Courage under fire: Carson City soldier receives Purple Heart, Bronze Star | NevadaAppeal.com
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Courage under fire: Carson City soldier receives Purple Heart, Bronze Star

Teri Vance
tvance@nevadaappeal.com
Cathleen Allison/Nevada Appeal
NEVADA APPEAL | NEVADA APPEAL

The U.S. Army considers Carson City’s Derek Castro a hero, recently awarding the Nevada National Guardsman the Purple Heart and Bronze Star medals.

The citation accompanying the medals says: “Staff Sgt. Castro’s leadership, personal courage and dedication significantly contributed to the success of his team and the development of the Afghanistan National Police. He continuously exposed himself to danger to protect his fellow soldiers.”

Castro’s explanation is more simple.

“The soldier mentality is, ‘I can do it,'” he said. “We don’t really think about it, we just act. It’s muscle memory for us. When everything else fails, we don’t.”

Gov. Jim Gibbons will officially present Castro with the medals during a ceremony at the National Guard on Monday.

Castro, who graduated from Douglas High School in 1997, followed in his father’s and grandfather’s footsteps and joined the Army at 17 looking for “action and excitement.” After three years of active duty, he left the Army and joined the National Guard.

“I come from a military family so it was really easy for me to adjust to it,” he said.

At 30, his enthusiasm hasn’t waned, despite an injury in Afghanistan earlier this year when his truck was destroyed by an improvised explosive device. He suffers from back, neck and shoulder injuries as well as traumatic brain damage that affects his memory and balance.

“We knew what we were getting into when we went over there,” he said. “I don’t regret a day over there. It’s the price we pay for doing business.”

Along with his bravery during that attack on Feb. 12 – “(He) exited his vehicle, exposing himself to potential danger, in order to engage the attackers himself and prevent a follow-up attack on his crew and disabled vehicle” – the commendation letter lists two other incidents of valor during his nine-month deployment.

The first was on Jan. 24 when a suicide bomber detonated an explosion in a local bazaar, injuring dozens of civilians.

“Staff Sgt. Castro led a security detail while the wounded were triaged … (and) assisted special forces in providing lifesaving medical aid,” the letter said.

On April 24, his team was attacked by rocket-propelled grenades and machine gun fire.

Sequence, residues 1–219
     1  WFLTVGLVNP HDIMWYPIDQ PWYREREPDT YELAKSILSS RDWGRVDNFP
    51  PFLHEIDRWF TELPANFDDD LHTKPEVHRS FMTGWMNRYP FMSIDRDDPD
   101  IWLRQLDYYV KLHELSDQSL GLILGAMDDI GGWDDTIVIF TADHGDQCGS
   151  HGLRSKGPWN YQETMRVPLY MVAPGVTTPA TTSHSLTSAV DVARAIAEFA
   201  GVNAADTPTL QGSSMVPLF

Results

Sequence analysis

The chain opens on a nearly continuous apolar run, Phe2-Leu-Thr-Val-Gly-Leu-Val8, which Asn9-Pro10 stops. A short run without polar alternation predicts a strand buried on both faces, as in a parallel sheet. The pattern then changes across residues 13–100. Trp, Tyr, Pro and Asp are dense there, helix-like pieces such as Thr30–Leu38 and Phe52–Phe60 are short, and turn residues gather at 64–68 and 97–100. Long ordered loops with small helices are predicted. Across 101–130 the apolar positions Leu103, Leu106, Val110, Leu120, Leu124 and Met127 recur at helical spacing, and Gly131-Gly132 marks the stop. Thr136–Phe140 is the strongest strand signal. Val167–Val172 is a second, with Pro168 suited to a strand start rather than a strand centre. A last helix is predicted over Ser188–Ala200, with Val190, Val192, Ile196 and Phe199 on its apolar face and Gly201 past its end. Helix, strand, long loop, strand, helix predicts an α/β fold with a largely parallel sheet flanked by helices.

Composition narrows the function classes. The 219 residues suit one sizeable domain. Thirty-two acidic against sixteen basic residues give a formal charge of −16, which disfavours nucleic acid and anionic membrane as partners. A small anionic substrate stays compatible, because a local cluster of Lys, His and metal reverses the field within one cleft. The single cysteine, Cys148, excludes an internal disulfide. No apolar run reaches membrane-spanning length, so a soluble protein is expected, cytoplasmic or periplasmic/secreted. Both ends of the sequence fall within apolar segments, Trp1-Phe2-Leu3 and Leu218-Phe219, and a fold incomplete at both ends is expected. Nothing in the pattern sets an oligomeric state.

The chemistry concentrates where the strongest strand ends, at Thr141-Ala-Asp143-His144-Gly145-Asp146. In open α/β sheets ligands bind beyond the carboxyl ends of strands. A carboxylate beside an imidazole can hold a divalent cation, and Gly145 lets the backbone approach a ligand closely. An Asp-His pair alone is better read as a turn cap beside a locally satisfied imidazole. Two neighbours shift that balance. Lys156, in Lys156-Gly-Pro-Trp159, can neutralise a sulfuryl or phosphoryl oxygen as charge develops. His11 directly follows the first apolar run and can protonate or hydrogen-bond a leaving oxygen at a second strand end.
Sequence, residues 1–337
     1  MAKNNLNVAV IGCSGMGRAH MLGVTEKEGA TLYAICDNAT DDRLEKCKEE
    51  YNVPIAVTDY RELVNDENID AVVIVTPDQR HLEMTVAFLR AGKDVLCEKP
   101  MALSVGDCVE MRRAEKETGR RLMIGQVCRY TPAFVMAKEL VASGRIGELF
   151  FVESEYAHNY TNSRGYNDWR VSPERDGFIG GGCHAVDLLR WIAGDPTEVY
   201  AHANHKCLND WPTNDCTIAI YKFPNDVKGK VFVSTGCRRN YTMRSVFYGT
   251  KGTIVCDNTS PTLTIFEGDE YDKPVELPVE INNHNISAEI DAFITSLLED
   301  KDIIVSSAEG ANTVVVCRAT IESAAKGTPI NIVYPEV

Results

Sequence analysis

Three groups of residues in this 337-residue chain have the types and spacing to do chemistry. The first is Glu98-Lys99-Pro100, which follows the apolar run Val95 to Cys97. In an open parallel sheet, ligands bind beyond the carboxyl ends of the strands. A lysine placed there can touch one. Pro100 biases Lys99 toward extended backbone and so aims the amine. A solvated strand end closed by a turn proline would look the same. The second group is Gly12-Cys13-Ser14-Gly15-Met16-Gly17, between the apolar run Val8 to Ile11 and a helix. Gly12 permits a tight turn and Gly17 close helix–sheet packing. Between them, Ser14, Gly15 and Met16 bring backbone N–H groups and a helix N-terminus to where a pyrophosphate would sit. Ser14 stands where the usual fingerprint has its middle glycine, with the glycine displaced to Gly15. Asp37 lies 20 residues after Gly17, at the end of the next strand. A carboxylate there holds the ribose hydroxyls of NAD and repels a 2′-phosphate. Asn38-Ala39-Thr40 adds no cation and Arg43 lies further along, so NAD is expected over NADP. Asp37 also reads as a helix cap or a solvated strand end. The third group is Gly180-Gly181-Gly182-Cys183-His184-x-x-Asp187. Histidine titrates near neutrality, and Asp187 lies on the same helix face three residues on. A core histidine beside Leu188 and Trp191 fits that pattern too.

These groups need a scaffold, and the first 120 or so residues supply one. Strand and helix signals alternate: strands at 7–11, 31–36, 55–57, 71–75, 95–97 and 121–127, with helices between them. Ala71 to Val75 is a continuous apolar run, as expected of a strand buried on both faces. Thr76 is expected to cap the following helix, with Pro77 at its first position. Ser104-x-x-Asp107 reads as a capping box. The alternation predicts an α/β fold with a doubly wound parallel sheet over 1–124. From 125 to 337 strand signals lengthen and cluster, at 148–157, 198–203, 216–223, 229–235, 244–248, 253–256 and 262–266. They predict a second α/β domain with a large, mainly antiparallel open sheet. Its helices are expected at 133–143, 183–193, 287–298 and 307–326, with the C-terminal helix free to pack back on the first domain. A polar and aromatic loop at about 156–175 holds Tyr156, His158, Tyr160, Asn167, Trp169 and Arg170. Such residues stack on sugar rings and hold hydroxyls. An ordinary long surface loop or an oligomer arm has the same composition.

After the initial attack, the enemy struck with a second round.

“Once the team had established fire superiority, Staff Sgt. Castro led a dismounted team in pursuit of the enemy. (He) led the team from the front, demonstrating great personal courage and dedication to his mission and his men.”

Castro’s mission in Afghanistan was a unique one. He was part of the first Nevada National Guard Embedded Training Team.

They were assigned to an Afghan army infantry unit as mentors and combat advisers. Unlike most U.S. forces assigned to the country, the unit lived on Afghan army bases.

He said they were in remote areas of the country, with only one another to rely on.

“Being so far out, it’s incredible. You know there’s no one coming to help you. It’s you and the guys next to you. It’s big boy rules,” he said. “When you realize there’s only 35 people and that’s it, and you’re getting reports of Taliban swarming all over the mountainside, the concept of losing does not exist.”

Being embedded with the Afghan army, he said, gave him an appreciation of the people and their culture. And he never doubted their loyalty.

“When these guys go down, you run out and help,” he said. “When we go down, they do the same.”

He does not confuse the citizens with the terrorists.

“I was attacked by however many, but there were whole villages that supported us,” he said. “After I was attacked, there’s no grudge against the people because you’re so intimately involved with them. You get to see the big picture.”

Although the rest of his unit returned to Nevada in August, he stayed behind in Fort Riley, Kan., for medical aid. He came back to Carson City last month.

He’s working full-time for the National Guard’s team that travels throughout the West training soldiers who are readying for deployment.

He cannot deploy again until he’s recovered. Doctors aren’t sure when that will be. But, Castro said, he will be healed when necessary.

“If they put together a team to go next summer, I’d be ready,” he said. “I’d find a way to be ready.”